Levofloxacin (Page 15 of 17)


  1. Clinical and Laboratory Standards Institute (CLSI). Methods for Dilution Antimicrobial Susceptibility Tests for Bacteria That Grow Aerobically. Approved Standard – 9 th ed. CLSI Document M7-A9, CLSI, 950 West Valley Rd., Suite 2500, Wayne, PA, 2012.
  2. CLSI. Performance Standards for Antimicrobial Susceptibility Testing; 22 nd Informational Supplement. CLSI Document M100 – S22, 2012.
  3. CLSI Performance Standards for Antimicrobial Disk Susceptibility Tests. Approved Standard – 11 th ed. CLSI M2-A11, 2012.
  4. CLSI. Methods for Antimicrobial Dilution and Disk Susceptibility Testing of Infrequently Isolated or Fastidious Bacteria; Approved Guideline – 2 nd ed. CLSI Document M45-A2, 2010.


16.1 Levofloxacin Tablets, USP

Levofloxacin tablets, USP 750 mg are white colored, capsule shaped, biconvex, debossed ‘ML 64´ on one side and plain on other side. They are supplied as follows;

NDC 12634-674-00 Bottles of 10

NDC 12634-674-01 Bottles of 100

NDC 12634-674-09 Bottles of 35

NDC 12634-674-12 Bottles of 120

NDC 12634-674-18 Bottles of 180

NDC 12634-674-40 Bottles of 40

NDC 12634-674-42 Bottles of 42

NDC 12634-674-45 Bottles of 45

NDC 12634-674-50 Bottles of 50

NDC 12634-674-52 Blister Pack of 12

NDC 12634-674-54 Blister Pack of 14

NDC 12634-674-57 Blister Pack of 20

NDC 12634-674-59 Blister Pack of 30

NDC 12634-674-60 Bottles of 60

NDC 12634-674-61 Blister Pack of 10

NDC 12634-674-63 Blister Pack of 3

NDC 12634-674-66 Blister Pack of 6

NDC 12634-674-67 Blister Pack of 7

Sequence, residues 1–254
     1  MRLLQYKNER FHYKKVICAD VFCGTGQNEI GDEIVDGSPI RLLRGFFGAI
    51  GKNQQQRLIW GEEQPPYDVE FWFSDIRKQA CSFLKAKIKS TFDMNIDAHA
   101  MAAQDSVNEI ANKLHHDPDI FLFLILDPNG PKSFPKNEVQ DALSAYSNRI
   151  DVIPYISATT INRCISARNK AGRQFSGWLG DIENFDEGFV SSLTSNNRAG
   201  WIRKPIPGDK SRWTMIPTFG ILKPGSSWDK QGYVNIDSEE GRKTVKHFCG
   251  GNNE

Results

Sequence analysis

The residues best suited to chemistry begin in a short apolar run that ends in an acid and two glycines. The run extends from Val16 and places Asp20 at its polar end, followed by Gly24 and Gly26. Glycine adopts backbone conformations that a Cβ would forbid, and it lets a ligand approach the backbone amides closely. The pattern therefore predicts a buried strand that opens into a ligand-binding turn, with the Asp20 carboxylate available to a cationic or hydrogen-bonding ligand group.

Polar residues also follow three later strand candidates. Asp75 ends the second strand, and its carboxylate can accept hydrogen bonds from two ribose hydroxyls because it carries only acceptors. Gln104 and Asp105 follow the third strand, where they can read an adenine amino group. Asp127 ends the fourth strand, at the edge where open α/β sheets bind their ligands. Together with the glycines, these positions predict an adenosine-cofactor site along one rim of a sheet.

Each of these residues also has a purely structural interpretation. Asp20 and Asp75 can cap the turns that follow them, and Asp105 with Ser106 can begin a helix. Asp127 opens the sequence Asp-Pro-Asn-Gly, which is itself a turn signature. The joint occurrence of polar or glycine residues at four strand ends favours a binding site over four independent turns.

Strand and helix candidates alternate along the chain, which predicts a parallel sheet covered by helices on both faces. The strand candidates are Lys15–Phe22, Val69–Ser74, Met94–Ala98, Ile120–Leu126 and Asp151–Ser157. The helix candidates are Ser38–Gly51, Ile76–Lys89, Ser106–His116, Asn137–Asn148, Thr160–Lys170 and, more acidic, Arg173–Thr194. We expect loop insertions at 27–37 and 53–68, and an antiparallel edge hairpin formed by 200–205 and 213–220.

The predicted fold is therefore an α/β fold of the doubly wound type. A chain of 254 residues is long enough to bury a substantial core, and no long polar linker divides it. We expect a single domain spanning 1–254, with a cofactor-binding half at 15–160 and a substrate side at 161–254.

NDC 12634-674-69 Blister Pack of 9

NDC 12634-674-71 Bottles of 30

NDC 12634-674-74 Bottles of 24

NDC 12634-674-78 Bottles of 28

NDC 12634-674-79 Bottles of 25

NDC 12634-674-80 Bottles of 20

NDC 12634-674-81 Bottles of 21

NDC 12634-674-82 Bottles of 12

NDC 12634-674-84 Bottles of 14

NDC 12634-674-85 Bottles of 15

NDC 12634-674-90 Bottles of 90

NDC 12634-674-91 Blister Pack of 1

NDC 12634-674-92 Bottles of 2

NDC 12634-674-93 Bottles of 3

NDC 12634-674-94 Bottles of 4

NDC 12634-674-95 Bottles of 5

NDC 12634-674-96 Bottles of 6

NDC 12634-674-97 Bottles of 7

NDC 12634-674-98 Bottles of 8

NDC 12634-674-99 Bottles of 9

Levofloxacin tablets, USP should be stored at 20° to 25°C (68°to 77°F); excursions permitted to 15°to 30°C (59°to 86°F) in well-closed containers.


Advise the patients to read the FDA-Approved Medication Guide ( 17.6)

17.1 Serious Adverse Reactions

Advise patients to stop taking levofloxacin tablets if they experience an adverse reaction and to call their healthcare provider for advice on completing the full course of treatment with another antibacterial drug.

Inform patients of the following serious adverse reactions that have been associated with levofloxacin tablets or other fluoroquinolone use:

  • Disabling and Potentially Irreversible Serious Adverse Reactions That May Occur Together: Inform patients that disabling and potentially irreversible serious adverse reactions, including tendinitis and tendon rupture, peripheral neuropathies, and central nervous system effects, have been associated with use of levofloxacin tablets and may occur together in the same patient. Inform patients to stop taking levofloxacin tablets immediately if they experience an adverse reaction and to call their healthcare provider.
  • Tendinitis and Tendon Rupture: Instruct patients to contact their healthcare provider if they experience pain, swelling, or inflammation of a tendon, or weakness or inability to use one of their joints; rest and refrain from exercise; and discontinue levofloxacin tablets treatment. Symptoms may be irreversible. The risk of severe tendon disorder with fluoroquinolones is higher in older patients usually over 60 years of age, in patients taking corticosteroid drugs, and in patients with kidney, heart or lung transplants.
  • Peripheral Neuropathies: Inform patients that peripheral neuropathies have been associated with levofloxacin use, symptoms may occur soon after initiation of therapy and may be irreversible. If symptoms of peripheral neuropathy including pain, burning, tingling, numbness and/or weakness develop, immediately discontinue levofloxacin tablets and tell them to contact their physician.